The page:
Pablo Escobar has been drawing thousands of tourists to Medellin. They retrace the late Colombian drug lord's life, as witnesses of the city's darkest days fight for their version of the truth. Andreane Williams reports.
Jesus was 13 years old the first time he met Pablo Escobar. It was almost Christmas, and his friends had told him that a man named Pablo would come to their neighborhood with gifts for everyone.
"Thousands of people were waiting for him. Then two 18-wheel trucks filled with bags of money and food arrived. Pablo came out of a car and wished everyone Merry Christmas. I got 5,000 pesos. Imagine that: At the time, our monthly rent cost 500 pesos!" Jesus recalls as he drives a group of tourists through Medellin's morning traffic.
Now in his 50s, Jesus is a tour guide. From Montesacro Cemetery, where Pablo Escobar is buried, to "The Cathedral," the drug lord's private prison, Jesus makes his living telling the story of the world's most famous drug dealer.
"We are simply trying to tell our version of the truth. […] The government blamed Pablo for a lot of things that he didn't do. Now they are trying to erase everything," he says.
As the tour nears the end, Jesus takes his clients to the final destination: the home of Roberto Escobar, Pablo Escobar's brother. The 70-year-old used to be the Medellin Cartel's accountant, and he spent 14 years in prison because of it. Now he recounts tales of the Escobars and their famous drug cartel to groups of tourists that flock to his home every day.
"A lot of lies have been told, and stories change with time. That's why I need to tell my family's story," Escobar says.
The house where Pablo Escobar ate his last meal before he was killed in December 1993 perches above Medellin's El Poblado neighborhood. It still bears the scars of bullets fired during a kidnapping attempt on Roberto Escobar a decade ago. Roberto has turned the bungalow into a museum in honor of his family, with giant photos of Pablo in his private jet or riding an elephant in his zoo hung on the walls. At the entrance, tourists are encouraged to take pictures in a bullet-riddled truck or on Pablo's Jet Ski.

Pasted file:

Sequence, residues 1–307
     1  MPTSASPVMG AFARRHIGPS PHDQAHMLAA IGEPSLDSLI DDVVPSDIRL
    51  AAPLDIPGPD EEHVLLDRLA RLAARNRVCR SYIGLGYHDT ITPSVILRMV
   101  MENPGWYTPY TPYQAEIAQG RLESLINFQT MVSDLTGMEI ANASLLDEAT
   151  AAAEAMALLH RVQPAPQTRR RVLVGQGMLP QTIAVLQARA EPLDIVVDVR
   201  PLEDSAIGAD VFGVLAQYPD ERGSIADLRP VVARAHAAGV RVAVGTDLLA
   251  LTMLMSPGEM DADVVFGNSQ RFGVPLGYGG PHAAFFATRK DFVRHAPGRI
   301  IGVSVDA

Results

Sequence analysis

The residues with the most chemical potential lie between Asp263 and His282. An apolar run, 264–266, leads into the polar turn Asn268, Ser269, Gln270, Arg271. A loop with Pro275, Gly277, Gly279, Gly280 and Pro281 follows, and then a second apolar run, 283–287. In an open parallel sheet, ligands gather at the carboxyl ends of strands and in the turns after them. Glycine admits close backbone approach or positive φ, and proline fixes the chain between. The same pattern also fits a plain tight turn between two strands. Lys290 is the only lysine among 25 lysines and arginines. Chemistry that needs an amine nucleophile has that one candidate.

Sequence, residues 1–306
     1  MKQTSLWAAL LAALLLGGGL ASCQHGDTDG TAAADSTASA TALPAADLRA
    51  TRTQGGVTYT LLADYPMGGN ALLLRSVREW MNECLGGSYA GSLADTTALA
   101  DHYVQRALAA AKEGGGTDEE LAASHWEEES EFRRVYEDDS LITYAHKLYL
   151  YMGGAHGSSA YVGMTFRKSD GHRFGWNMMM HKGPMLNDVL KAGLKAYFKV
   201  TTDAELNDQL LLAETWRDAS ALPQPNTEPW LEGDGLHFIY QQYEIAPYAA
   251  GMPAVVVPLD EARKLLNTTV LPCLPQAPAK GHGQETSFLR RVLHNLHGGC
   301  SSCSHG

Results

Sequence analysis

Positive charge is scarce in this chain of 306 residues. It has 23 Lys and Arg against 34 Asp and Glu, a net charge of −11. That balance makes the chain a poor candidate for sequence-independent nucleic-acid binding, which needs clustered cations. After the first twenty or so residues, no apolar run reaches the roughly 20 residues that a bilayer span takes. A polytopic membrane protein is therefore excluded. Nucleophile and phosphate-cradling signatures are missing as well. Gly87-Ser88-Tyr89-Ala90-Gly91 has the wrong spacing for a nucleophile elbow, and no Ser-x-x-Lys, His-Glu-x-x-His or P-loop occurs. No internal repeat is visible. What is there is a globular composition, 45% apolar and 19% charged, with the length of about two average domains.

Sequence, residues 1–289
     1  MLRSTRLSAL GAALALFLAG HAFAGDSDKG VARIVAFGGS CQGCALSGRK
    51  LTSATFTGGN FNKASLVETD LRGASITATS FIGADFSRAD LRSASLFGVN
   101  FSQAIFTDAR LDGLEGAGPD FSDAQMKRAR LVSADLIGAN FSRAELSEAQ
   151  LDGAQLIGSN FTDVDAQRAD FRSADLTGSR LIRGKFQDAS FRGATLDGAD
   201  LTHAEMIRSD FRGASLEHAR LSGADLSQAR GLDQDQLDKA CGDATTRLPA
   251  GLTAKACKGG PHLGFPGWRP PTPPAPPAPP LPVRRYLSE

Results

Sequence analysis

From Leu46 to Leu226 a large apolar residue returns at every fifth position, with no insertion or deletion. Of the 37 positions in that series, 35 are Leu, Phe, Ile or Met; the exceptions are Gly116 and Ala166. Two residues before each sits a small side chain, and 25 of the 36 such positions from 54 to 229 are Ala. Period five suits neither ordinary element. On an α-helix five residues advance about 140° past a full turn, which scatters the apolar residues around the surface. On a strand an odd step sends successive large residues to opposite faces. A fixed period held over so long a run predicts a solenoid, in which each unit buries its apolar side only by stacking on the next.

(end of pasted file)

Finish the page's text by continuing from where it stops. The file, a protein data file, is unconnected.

"Police officers tortured and killed my cousin in front of his family. The government knew our families were being persecuted by the Colombian police who were searching for Pablo, but they didn't do anything about it, and of course those stories were never told to the world. All we did was fight back at our government's cruelty," Roberto tells a group of Mexican and Israeli tourists gathered around the dining table.
At the end of the visit, the old man takes his guests to the house's terrace for coffee, where he offers to sign photos of his brother, on which he stamps his fingerprint.
"I know he was a bad person, but I am so excited to be here. I read everything there is to read on Pablo Escobar," says Lulu Rodriguez, who is here from Mexico.
From police officer to tour guide
Carlos Palau (photo at top) spent years chasing Pablo Escobar. In his younger days, the 52-year-old was part of the search team tasked with capturing the drug trafficker. He, too, now drives tourists around Medellin, telling the story of a war that still haunts him. Of the 150 police officers who trained with him when he joined the police, only three are still alive.
"It is ironic, but it is like therapy for me," he says, on his way to Montesacro Cemetery.
"Look at those police officers," he says, pointing through the window of his car. "They are relaxed and talking in the middle of the street. This would have been impossible back in the day.
"Some people still believe Pablo Escobar is a hero, but if you are a cop like me, he is an a*****e," Carlos adds.
Escobar's grave has become a place of pilgrimage for his supporters, and tourists don't hesitate to pose for photos next to his tomb. "Every time I come here, I say a prayer. I say: 'You have tried to kill me many times. But now you are the one who is dead,'" Palau says.
A divisive history
While "narco tours" and Escobar's legacy are drawing tourists, they are also reviving a painful past for the city's residents.
"We created our first 'Pablo Tour' 10 years ago, but the demand exploded after Netflix began airing its 'Narcos' series," explains Camilo Uribe, director of Medellin City Services travel agency.
"It is a very sensitive subject here, as the majority of Medellin's residents have lost members of their family because of Pablo. They don't like our tours because they are not proud of this past. They also complain when they see tourists taking pictures on Pablo's grave," he adds.
The city of Medellin also disapproves of tour operators taking advantage of the city's dark past.
"Talking about Medellin's history is not a bad thing. The problem is that we haven't been able to build a common history around those events yet. Unfortunately, people are now building a business around this war," explains Medellin government official Andres Felipe Tobon Villada.
Adriana Valderrama Lopez, director of Medellin's Memory House Museum, shares the city's views and believes tourists' interest in Colombia's drug dealers is forcing Colombians to face their history.
"It's been like an explosion here, with all those tourists coming to Medellin," she says. "I don't think the people of Medellin and the city want to erase Pablo Escobar. I don't think those tours are a bad thing either. But we need to build a collective memory that makes sense and that will give meaning to what happened."